BOYER-MOORE SUBSTRING SEARCH
In the previous article we have talked about brute-force substring search algorithm. We came to the conclusion that it is working fine, but it is too slow. So here is a better approach: the Boyer-Moore substring search algorithm. What was the problem with brute-force search? We keep considering too many bad options as well. We should find a way to reduce the number of unnecessary checking (whether two characters match or not) in order to end up with a better running time.
In 1977 Robert S. Boyer and J. Strother Moore constructed a substring search approach. Unlike other string searching algorithms though, Boyer-Moore compares the pattern against a possible match from right to left. Why is it good? We can skip multiple characters at the same time rather than considering every single character in the text. We have to preprocess the text and construct the so-called bad match table.
The bad match table contains the characters in the pattern and an integer accordingly. We could use a hashtable as an underlying data structre. When a mismatch occurs we have to shift the pattern to the right corresponding to the value in the table. Why is it good? Unlike brute-force search, we can skip several characters and ultimately the algorithm will be faster.
BAD MATCH TABLE
So we know why is it good to use a bad match table. But how to construct the table itself? We have to make sure the table does not contain repetitive characters. If there is several ‘a’ letters in the pattern, the table only contains one ‘a’ letter.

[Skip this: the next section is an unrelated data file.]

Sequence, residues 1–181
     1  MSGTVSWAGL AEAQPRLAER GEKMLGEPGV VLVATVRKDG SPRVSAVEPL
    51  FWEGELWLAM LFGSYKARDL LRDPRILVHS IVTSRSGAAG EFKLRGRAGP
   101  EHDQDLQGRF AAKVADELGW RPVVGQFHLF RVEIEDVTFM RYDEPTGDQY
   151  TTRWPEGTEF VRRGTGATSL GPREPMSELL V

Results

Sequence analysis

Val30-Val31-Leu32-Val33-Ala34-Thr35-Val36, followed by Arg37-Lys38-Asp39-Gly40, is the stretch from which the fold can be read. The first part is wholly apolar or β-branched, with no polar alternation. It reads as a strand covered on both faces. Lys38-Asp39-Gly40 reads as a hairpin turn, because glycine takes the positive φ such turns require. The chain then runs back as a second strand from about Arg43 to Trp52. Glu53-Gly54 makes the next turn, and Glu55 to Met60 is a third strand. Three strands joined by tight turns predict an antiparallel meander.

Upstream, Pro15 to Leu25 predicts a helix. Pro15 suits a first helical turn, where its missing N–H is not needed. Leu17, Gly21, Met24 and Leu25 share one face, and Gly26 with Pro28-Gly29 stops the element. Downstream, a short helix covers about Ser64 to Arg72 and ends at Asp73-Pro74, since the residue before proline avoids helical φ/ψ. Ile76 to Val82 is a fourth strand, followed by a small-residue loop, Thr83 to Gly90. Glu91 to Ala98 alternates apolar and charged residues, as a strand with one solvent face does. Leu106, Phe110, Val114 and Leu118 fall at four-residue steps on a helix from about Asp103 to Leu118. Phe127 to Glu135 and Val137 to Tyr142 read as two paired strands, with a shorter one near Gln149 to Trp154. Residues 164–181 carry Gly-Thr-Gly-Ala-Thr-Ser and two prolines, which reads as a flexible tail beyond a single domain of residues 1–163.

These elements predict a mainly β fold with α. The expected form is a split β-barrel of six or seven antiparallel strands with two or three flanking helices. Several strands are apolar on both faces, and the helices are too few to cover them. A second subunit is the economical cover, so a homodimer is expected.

max( 1 ; lengthOfPattern – actualCharacterIndex – 1 )
This is the formula we have to use. We iterate over the pattern and compute the values for the bad match table. We keep updating the old values for the same characters.
Let’s see a concrete example to get a good grasp of Boyer-Moore substring search algorithm. We have a text ‘This is a test’ and of course a pattern we are looking for: ‘test’.
First, we have to construct the bad match table. We have to consider the characters in the pattern and have to use the formula we have discussed. If we have repetitive characters (such as character ‘t’) we have to update the table accordingly.
So we know how many characters to shift if there is a mismatch. The * means any other character. As we have discussed, we start comparing characters from right to left. If there is a mismatch we look up the given character in the table. In this case we look up ‘s’: the value is 1. So we shift the pattern 1 step to the right.
Again, there is a mismatch. So we look up character ‘a’ in the table. Character ‘a’ is not present in the table: so we have to shift as many characters to the right as the length of pattern (basically this is the * case).
Again, there is a mismatch. We use the lookup table to now how many steps to shift.
There is a match. So we keep checking whether the other characters are matching or not. We go from right to left as you can see. The algorithm ends when we have considered every single character in the pattern.
Let’s see the source code. First we have to compute the bad match table values. We can use the formula discussed above:
After setting up the table, we can focus on the algorithm implementation. As we have discussed earlier, we have to compare the characters from right to left. Thats why the inner for loop starts with the lengthOfPattern. If there is a mismatch: we have two options. If the given character is present in the table: we know how many characters to shift the pattern. Anyways (this is the * case) we shift as many characters as the lengthOfPattern. This is how Boyer-Moore algorithm works:
We have seen the running time complexity for brute-force search. It has O(N*M) running time. We are able to reduce this running time to O(N+M) with Boyer-Moore substring search approach, which is quite favourable.